January 9, 2009
I have a colleague who is a self-confessed comma hog. In her view, any sentence worth its salt requires, at a minimum, three, or possibly four, commas. She also appears to have completely abandoned the hyphen in coordinate and cooperate, for no particular reason at all.
I know someone else on campus who readily admits to suffering from a serious case of Capitalization Creep. The most Obvious Symptom is Capitalization of Just About Everything, for No Particular Reason at All.
It is in part for these people that University Communications has produced a new and improved version of the University of Saskatchewan Editorial Style Guide. Designed to be a quick reference for writers with style afflictions or questions, the guide is also an effort to encourage consistency in how we present information for and about the University of Saskatchewan.
But in reality, this is a diverse and complex institution, and there will be always be exceptions. The guide, therefore, is just that, a guide rather than a set of firm rules about writing style, but it will help with some of the common style conundrums.
It covers, among other topics, using the double "l" (fulfil and fulfilled, compel and compelled), when to capitalize and When Not to Capitalize, the difference between historic and historical, and why a hyphen is appropriate in co-ordinate and co-operate ("Use hyphens when the word following the prefix begins with the same vowel as the word with which the prefix ends …"). And yes, according to Section 7.6 of the guide, the period at the end of the previous sentence does go outside the closing parentheses. Also, italics should be used sparingly (Section 4.1.1).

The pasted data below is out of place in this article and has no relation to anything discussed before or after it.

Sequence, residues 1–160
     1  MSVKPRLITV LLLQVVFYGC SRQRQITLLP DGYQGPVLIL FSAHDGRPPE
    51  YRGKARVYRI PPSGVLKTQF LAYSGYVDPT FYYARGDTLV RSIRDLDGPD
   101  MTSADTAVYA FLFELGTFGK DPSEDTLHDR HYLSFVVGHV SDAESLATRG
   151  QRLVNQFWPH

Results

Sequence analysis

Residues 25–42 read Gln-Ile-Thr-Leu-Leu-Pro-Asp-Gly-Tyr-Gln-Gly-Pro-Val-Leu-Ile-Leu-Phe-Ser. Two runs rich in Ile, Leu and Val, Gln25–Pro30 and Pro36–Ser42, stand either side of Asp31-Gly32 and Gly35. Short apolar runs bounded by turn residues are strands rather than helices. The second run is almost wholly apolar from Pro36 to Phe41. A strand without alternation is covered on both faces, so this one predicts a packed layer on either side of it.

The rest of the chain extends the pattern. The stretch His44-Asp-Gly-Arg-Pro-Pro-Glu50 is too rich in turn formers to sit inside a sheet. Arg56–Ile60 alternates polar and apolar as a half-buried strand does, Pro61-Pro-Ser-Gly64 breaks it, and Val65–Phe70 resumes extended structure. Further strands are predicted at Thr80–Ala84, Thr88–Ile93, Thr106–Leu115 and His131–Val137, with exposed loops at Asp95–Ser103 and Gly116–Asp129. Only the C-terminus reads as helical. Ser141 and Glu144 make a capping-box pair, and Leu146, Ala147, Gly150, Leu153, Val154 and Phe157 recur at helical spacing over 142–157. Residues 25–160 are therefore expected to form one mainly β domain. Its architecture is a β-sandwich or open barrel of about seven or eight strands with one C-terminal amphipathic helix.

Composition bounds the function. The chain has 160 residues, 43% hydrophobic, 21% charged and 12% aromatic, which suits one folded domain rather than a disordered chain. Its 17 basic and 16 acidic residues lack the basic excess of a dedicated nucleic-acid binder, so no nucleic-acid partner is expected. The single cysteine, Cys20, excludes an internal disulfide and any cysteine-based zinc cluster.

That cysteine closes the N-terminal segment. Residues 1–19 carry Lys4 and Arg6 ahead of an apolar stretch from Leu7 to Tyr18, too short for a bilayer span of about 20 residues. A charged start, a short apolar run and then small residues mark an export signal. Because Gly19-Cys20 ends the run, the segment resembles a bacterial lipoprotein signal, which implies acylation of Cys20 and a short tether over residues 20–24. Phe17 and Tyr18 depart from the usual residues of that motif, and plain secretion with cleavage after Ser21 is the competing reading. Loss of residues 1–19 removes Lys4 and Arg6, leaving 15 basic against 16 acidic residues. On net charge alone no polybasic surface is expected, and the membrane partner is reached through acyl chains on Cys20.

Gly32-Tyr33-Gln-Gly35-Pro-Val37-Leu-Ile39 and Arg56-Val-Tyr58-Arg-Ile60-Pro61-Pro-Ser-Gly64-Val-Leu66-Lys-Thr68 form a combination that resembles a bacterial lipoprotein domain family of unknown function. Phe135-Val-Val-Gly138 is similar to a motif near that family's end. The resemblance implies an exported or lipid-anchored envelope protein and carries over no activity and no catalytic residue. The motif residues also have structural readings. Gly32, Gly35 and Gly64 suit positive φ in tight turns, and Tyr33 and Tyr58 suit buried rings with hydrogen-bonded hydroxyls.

As you can well imagine, finding consensus on questions of editorial style is no easy feat, but the debates were both enlightening and entertaining. Many thanks to those who took the time to challenge, correct and otherwise contribute to the guide.
Just as language evolves and changes with use, so will this style guide. Part of the job of University Communications now is to collect feedback from guide users, evaluate changes in style and update the document from time to time to ensure it remains useful and relevant. Feel free to send queries, comments or suggestions to University Communications at 966-6607 or email@example.com.
You will find the new U of S editorial style guide on the communications website, www.usask.ca/communications.